Are Blank-Firing Guns Dangerous?

Are blank-firing guns dangerous? YES. Anyone who provides blank-firing weapons for stage and screen should know where their dangers lie, and make sure they are never used in a hazardous manner. But as a demonstration of what they can actually do, the video below should make it clear. Keep it in mind when it comes time to use your weapons, or show it to a director who tries to convince you that you are being overly cautious.

2 thoughts on “Are Blank-Firing Guns Dangerous?”

  1. “During a break between scenes on the Cover Up set on October 12, 1984, Jon-Erik Hexum jokingly placed a blank-loaded .44 Magnum prop gun to his temple and pulled the trigger. The shot sent the wadding from the blank cartridge into Hexum’s skull, driving a bone fragment the size of a quarter into his brain and causing massive hemorrhaging. Hexum was rushed to the hospital, where he eventually was declared brain dead.”

  2. Great video! I’ve been responsible for putting firing weapons on stage and you can never take it to seriously no matter how relaxed others might be. I’ve had the discussion of with a number of directors who want to have a headshot with a blank firing weapon.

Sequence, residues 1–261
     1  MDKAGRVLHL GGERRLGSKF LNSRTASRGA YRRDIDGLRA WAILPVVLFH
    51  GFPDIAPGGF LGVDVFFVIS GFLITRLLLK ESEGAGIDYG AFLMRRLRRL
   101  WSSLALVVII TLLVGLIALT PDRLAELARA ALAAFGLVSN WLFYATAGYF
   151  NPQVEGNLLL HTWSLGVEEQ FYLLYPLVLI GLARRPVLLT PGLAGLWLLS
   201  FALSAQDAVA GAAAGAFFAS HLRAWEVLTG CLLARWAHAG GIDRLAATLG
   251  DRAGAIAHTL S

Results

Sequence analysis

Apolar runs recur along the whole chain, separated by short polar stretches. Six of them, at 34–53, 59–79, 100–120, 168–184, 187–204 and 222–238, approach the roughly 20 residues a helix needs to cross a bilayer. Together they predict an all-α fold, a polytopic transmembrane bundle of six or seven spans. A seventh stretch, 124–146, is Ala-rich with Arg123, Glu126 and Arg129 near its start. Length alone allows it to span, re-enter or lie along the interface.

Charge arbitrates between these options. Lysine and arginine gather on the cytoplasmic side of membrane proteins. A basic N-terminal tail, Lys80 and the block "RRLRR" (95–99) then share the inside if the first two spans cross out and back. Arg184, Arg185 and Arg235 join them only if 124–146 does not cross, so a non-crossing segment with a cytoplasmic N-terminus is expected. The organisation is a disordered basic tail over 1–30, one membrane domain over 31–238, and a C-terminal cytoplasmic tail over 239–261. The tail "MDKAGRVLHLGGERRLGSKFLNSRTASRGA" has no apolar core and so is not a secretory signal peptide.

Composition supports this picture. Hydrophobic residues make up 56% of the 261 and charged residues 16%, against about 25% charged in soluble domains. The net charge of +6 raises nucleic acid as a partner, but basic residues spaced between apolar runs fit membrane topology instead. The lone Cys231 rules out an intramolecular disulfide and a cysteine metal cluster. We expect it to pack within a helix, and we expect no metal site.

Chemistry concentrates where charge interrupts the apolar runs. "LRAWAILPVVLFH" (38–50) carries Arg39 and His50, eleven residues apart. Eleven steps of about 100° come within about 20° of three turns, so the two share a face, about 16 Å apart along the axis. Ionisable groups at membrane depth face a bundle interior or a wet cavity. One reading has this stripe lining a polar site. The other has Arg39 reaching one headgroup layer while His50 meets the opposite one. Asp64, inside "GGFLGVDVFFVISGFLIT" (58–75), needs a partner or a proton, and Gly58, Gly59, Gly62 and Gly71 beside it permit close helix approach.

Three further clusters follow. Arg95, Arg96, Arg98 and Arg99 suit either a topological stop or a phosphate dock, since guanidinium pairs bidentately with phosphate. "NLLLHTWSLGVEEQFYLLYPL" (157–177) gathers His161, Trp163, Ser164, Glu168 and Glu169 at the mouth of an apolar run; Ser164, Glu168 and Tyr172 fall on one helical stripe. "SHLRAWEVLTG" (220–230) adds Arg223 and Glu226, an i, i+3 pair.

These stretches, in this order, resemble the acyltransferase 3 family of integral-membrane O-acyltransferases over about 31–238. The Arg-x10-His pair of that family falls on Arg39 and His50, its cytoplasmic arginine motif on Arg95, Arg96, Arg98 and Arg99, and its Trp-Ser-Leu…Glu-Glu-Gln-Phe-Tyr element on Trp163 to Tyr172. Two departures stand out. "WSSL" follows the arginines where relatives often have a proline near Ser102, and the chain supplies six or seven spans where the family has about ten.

I managed to solve the problem of how to fire a gun at someones head close range without any risk of injury in a recent stage production by mixing electronics with a mechanical effect.

    Using a Blue tooth controller device rigged inside a custom made replica pistol the performer was able to trigger a gun shot sound effect timed to perfection with a syringe filled with powder for the smoke. The result was a controlled gunshot aimed 3 feet behind a performers head and pointed straight at him.
    It does rely on the performer pulling the trigger and to have a good quality sound effect with directional speakers to make it believable but it was 100% reliable and gave the director what he wanted without compromising safety or believability.

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